Sermon for Proper 11 B
July 19, 2009
There’s a branch of theology
Hold on...it’s not that bad.
It’s just talk about
what salvation in Jesus means.
It’s a good question to ask
if we are thoughtful about our faith.
What does Jesus do for us?
It should be one of those questions we church folks know
and rattle off an answer without even thinking about it.
The old signs on downtown missions in neon crosses said it all:
It’s so prevalent a saying that you can find in religious gift stores
a mug and brush set that say: Jesus Shaves.
You know that if you have been made into satire,
you have made it.
But if Jesus Saves is so common a way to say what Christian faith means,
what exactly does “Jesus saves” mean?
What does salvation in Jesus mean?
We think we got it somehow when we heard
that in Jesus our sins are forgiven,
so God won’t be mad at us any more,
so we won’t be cast off into the flames and fire.
Jesus saves us from, well, that place.
And since we’ve been living in a record setting heat wave,
we’re not so sure we got saved...
But the whole question and answer gets rephrased
when we read much of the Gospels,
especially stories like we hear today from Mark.
Jesus is with his disciples,
whom he sent out to do his ministry telling the good news of God
and to heal.
They have come back exhilarated but exhausted.
He sends them off for a day of rest.
That’s good stuff, by the way. We’ll come back to that.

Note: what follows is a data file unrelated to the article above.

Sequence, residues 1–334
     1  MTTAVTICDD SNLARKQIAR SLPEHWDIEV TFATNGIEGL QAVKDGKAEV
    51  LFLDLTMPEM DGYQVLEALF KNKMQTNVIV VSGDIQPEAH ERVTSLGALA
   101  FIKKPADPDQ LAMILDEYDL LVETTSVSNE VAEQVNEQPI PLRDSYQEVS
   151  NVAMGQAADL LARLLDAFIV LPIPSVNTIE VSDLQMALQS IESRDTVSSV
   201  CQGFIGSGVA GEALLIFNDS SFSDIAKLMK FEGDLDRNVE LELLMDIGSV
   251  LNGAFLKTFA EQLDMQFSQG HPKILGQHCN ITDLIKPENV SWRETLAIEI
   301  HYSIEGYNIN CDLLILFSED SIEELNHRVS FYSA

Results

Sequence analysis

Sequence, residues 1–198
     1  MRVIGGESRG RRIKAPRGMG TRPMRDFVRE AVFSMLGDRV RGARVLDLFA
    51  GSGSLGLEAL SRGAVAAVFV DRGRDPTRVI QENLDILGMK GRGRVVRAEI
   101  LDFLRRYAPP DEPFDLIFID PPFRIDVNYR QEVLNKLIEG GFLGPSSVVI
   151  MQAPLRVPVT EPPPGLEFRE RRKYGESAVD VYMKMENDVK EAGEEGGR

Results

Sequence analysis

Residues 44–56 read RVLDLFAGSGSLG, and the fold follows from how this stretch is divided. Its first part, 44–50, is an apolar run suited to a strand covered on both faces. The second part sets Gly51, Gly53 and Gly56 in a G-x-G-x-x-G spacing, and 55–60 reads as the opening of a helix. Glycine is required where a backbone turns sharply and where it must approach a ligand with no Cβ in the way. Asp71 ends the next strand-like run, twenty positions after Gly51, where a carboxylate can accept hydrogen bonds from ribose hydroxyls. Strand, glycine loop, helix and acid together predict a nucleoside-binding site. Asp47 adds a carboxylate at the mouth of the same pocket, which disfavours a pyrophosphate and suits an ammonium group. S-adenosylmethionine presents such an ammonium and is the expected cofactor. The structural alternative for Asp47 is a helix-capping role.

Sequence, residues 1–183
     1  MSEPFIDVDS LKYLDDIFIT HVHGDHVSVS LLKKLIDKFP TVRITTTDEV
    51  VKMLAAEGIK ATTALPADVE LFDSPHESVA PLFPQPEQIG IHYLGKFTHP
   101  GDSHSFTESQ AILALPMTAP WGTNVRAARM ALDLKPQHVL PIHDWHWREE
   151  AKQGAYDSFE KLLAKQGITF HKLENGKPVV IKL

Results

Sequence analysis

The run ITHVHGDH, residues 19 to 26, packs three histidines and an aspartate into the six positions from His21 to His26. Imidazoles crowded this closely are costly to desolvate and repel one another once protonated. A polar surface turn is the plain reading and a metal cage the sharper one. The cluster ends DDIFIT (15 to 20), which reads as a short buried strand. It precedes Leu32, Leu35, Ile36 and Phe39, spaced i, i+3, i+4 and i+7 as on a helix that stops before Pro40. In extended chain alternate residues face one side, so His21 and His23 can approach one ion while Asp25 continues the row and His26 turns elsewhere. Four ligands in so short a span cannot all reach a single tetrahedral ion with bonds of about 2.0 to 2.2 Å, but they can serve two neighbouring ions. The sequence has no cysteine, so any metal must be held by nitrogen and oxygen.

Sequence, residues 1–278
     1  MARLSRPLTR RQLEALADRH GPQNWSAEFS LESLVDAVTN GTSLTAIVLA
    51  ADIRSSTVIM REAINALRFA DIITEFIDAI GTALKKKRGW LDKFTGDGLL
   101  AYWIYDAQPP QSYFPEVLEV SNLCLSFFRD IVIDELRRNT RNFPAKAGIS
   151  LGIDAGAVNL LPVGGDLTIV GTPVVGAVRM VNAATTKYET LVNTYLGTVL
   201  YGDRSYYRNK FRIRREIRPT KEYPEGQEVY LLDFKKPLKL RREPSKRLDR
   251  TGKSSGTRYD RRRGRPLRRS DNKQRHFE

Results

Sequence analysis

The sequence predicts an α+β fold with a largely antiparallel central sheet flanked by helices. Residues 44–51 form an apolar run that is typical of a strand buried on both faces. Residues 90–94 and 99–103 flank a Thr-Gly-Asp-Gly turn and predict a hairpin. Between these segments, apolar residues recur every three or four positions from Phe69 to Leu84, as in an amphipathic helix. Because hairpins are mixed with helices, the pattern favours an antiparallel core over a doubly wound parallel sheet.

Then, without enough rest,
they encounter a crowd of people in need,
and feed them
(even though our lectionary readings skip that today)
Then, they go off somewhere else,
and a whole mess of people come to Jesus
in need of healing, and they are healed.
If you have read Mark all the way through,
or if you have seen and heard the presentation of Mark on the video
I have shown a few times
you know that the entire first half of Mark
sounds like one healing story after another.
It is unmistakable in Mark,
as well as Luke and Matthew to some degree John,
that the good news of God that Jesus brings
has something to do with healing.
In fact, it’s in the very word salvation,
which means healing.
If you have a burn or a wound
and you put some kind of ointment on it,
that is called salve,
the root of salvation,
because it heals the wound.
Salve is also called balm,
like the stuff you put on your lips to heal them from dryness.
There is a balm in Gilead
the old spiritual goes,
to make the wounded whole,
there is a balm in Gilead
that heals the sin sick soul.
If we only hear and think
that the good news about God in Jesus
is that we are guilty people who need to be forgiven,
we have not heard the depth of God’s mercy and care.
The message of salvation in Jesus
is the message of healing in Jesus,